Getting historic on your favorite Senate race (with pretty graphs)

Photo of U.S. Capitol by Anthony Quintano via Flickr https://www.flickr.com/photos/quintanomedia/8392490570/in/photolist-dMBH4h-77U67a-54PPFV-bCbBwx-77XZSA-5QVgqn-77U68r-77U6bx-77U6an-bo5aRj-Av6CN-hZwpa-4ZgZuj-7eJLdU-bAZ3YT-7eJL4Q-kh4JeP-nG7paW-e57jR3-Mywv5-h66mMY-h66nh5-h67mNM-h66aXy-h664dF-h66akS-h663Yx-h66wLL-h66m81-h66wVy-h66mwh-h663qi-g7DKY6-g7DLD4-g7ECPH-g7DVgL-g7DVEb-g7DLgk-g7DLnT-g7DVLo-g7DVj1-h4sCw5-g7EDBV-g7DL34-bAXd2r-5zapMD-7eEQJM-bo5dLm-bAZ4mX-bAZ6mP

 

Call this everything you need to know about the results of the Udall-Gardner race — except the actual winner.

The Wall Street Journal did a deep dive into electoral history and found that people are increasingly likely to elect a senator who is from the same party that won the state’s most recent presidential vote.

The Washington Post dug even deeper and looked at individual states, including – yes – Colorado. Meaning we could, uh, borrow from the Post while the Post, uh, borrowed from the Journal, and you get the idea.

In any case, what the Post found — using a very handsome graph, indeed — was that in every Colorado Senate election since 1988 but one (the George W. Bush/Ken Salazar year of 2004), the presidential-winning party also got the next senator.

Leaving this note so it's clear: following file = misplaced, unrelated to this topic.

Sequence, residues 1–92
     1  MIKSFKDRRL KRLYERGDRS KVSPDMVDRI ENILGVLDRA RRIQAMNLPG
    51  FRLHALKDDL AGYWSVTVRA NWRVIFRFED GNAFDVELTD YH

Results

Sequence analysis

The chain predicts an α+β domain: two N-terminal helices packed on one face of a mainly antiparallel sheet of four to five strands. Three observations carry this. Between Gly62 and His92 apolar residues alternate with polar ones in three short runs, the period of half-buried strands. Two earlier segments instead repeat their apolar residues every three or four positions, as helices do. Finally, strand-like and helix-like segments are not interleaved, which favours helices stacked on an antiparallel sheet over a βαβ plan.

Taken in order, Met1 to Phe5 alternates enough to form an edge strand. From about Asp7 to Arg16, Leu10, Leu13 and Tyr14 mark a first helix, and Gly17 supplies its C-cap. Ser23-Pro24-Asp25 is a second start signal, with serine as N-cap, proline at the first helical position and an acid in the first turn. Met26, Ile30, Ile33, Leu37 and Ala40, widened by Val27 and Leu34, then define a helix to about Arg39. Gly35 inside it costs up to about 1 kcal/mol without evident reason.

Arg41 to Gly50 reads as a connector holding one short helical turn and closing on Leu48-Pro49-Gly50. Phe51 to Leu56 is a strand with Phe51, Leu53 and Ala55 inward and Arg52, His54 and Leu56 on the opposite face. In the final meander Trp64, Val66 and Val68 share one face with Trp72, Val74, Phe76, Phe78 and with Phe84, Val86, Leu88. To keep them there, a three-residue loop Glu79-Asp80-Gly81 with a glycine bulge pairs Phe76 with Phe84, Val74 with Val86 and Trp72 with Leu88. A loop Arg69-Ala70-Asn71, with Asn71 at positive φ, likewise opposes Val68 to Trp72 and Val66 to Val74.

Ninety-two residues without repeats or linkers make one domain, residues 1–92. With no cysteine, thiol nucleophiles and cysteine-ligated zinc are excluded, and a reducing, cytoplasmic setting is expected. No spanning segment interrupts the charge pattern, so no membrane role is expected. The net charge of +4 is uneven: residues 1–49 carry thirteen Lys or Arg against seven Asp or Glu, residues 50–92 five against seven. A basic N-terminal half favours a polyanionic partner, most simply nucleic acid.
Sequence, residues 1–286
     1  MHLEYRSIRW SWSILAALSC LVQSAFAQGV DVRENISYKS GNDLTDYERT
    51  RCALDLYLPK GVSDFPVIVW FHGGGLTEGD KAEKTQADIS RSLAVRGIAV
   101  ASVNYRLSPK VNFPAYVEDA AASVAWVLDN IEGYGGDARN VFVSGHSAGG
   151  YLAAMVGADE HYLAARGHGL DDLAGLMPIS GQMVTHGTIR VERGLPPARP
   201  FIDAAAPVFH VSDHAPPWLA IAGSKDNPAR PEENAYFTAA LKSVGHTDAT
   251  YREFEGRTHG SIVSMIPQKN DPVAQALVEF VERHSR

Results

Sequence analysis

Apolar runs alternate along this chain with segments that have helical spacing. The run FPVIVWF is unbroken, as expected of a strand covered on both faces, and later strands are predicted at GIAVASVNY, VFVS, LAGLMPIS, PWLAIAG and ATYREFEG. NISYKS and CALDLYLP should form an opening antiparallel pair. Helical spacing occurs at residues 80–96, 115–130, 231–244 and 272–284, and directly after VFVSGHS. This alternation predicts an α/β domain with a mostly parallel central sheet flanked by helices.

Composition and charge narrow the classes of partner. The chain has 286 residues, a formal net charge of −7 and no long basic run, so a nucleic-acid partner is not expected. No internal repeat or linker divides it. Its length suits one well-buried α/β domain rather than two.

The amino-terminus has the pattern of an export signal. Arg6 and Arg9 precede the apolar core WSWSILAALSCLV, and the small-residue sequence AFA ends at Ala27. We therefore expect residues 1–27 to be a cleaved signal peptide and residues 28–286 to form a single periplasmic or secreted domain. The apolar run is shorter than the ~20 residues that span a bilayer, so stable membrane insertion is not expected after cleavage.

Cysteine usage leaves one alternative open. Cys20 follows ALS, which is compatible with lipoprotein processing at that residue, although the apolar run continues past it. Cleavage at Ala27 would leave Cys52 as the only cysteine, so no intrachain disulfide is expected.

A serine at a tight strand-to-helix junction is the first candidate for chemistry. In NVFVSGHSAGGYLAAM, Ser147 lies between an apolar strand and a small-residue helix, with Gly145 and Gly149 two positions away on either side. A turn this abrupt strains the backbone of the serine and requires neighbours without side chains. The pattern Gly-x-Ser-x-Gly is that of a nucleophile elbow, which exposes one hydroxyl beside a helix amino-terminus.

This could be great news for Mark Udall. Or not. After all, as Churchill noted, history is written by the victors.

[Photo of U.S. Capitol building by Anthony Quintano via Flickr/Creative Commons.]

The Colorado Independent is a statewide online news source operating in a time when spin is plentiful, but factual, fair and unflinching news in the public interest is all too rare. Our award-winning team of veteran investigative and explanatory reporters and news columnists aims to amplify the voices of Coloradans whose stories are unheard, shine light on the relationships between people, power and policy, and hold public officials to account. We strive to report the news with context, social conscience, and soul, and to give Coloradans the insight they need to promote conversation, understanding and progress in this square, swing state we call home.

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